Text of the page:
The CDCBA's moratorium proposal builds on action that has already been taken in the state Senate. Following several high profile cases of wrongful conviction, in August 2004 the Senate established the California Commission on the Fair Administration of Justice, which is charged with examining the state's criminal justice system generally.

The new Senate Commission on the Fair Administration of Justice will look generally at why and how often California's criminal justice system has failed in the past, "resulting in wrongful executions or the wrongful conviction of innocent persons." The Senate has directed the Commission to "examine ways of providing safeguards and making improvements in the way the criminal justice system functions" in California.

Because errors in capital punishment are final and irrevocable, the CDCBA sees the need for a study focused specifically on the death penalty, coupled with a moratorium. According to BASF President Streeter, "we are now at a critical juncture, because many of those cases are now nearing the end of the appellate review process. Very soon, we are going to be seeing very frequent executions in this state. It is a matter of sheer numbers."

Often, according to Streeter, basic questions in death penalty cases - sometimes calling into question whether defendant may be innocent --arise at the end of the process, during the pardon process. "Before we start executing people en masse," says Streeter, "now is the time to step back and take a long, hard, objective look at the fairness of the system."

"The CDCBA's moratorium proposal does not presuppose going in that our death penalty system in California must be abolished or reformed," says Streeter. With polls showing a steady decline in public support for the death penalty in recent years, the CDCBA proposes to answer once and for all the many lingering questions that have swirled around the death penalty for years.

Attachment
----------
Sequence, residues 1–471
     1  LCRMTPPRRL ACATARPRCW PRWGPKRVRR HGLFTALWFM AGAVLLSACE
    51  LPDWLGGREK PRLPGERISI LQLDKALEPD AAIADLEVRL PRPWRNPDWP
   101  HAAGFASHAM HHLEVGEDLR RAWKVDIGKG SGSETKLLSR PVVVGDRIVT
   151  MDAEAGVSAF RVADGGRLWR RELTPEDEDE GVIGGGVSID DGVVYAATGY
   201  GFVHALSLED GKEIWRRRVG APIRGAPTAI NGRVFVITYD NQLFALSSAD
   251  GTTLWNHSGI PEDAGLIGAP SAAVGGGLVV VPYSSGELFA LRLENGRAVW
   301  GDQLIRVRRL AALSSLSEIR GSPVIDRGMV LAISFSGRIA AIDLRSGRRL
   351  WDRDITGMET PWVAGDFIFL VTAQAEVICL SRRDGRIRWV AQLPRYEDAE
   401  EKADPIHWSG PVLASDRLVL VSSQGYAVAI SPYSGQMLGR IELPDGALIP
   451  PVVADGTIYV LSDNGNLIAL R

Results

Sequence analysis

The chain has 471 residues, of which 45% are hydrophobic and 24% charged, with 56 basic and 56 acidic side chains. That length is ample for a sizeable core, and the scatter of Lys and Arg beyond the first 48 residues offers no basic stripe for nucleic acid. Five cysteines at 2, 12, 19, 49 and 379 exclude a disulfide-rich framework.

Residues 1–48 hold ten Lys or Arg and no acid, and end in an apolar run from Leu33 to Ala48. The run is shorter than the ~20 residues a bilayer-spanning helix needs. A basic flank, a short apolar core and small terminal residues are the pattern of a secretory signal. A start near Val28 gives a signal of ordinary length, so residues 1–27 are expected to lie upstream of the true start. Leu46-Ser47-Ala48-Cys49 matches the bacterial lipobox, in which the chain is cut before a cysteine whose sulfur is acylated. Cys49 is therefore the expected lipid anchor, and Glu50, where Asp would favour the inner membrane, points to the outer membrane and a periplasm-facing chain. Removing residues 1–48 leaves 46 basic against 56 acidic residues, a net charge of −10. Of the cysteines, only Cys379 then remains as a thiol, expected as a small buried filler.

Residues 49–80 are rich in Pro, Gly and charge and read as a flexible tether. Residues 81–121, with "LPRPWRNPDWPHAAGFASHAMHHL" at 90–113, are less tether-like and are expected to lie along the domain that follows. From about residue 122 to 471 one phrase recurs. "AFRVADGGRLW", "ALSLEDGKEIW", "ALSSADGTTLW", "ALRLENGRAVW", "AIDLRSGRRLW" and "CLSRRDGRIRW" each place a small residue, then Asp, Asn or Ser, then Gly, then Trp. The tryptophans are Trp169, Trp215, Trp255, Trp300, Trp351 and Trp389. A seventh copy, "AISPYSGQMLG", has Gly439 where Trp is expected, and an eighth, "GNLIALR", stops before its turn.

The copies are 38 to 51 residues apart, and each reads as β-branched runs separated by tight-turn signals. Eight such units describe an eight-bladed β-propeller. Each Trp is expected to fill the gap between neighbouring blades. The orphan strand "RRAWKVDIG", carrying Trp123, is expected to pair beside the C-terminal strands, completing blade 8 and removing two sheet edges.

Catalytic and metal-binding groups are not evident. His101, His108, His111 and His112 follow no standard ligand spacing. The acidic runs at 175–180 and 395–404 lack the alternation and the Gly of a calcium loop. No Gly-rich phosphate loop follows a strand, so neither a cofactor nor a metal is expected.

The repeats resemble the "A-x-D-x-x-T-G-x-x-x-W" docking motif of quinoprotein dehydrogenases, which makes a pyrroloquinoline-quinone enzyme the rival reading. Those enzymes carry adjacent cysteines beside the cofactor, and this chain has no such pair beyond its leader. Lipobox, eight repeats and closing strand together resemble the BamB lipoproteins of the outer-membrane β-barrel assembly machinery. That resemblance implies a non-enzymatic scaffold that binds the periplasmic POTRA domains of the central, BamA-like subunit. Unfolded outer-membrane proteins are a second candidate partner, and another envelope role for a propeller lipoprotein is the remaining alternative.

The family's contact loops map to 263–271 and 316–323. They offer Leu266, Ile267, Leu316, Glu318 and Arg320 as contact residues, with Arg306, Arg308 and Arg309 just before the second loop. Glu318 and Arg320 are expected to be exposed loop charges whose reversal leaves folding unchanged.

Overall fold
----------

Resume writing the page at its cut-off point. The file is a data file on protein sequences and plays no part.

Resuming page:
One unique aspect of the CDBCA's proposal is its specific charge that the death penalty study commission look at the costs of capital punishment to taxpayers. "Despite strongly held opposing views about the need for the death penalty," Streeter points out, "I am hopeful that the massive amounts of money we spend on capital punishment -- by some estimates, $100 million per year, at minimum -- will galvanize the commission members and provide common ground when we consider the need for reform."

The Bar Association of San Francisco (BASF) is a nonprofit voluntary membership organization of over 8,000 attorneys, law students and legal professionals in the Bay Area. Founded in 1872, BASF is one of the largest and most dynamic metropolitan bar associations in the U.S., with a long and distinguished record of community action, public service and service to the legal profession.

Questions about media relations, BASF issues currently in the news, San Francisco Attorney magazine, marketing and communications:

Ann Murphy, Director of Communications & Public Relations
(415) 782-9000 x8792

For general communications inquiries:

Sayre Happich, Assistant Director of Communications & Public Relations
(415) 782-9000 x8104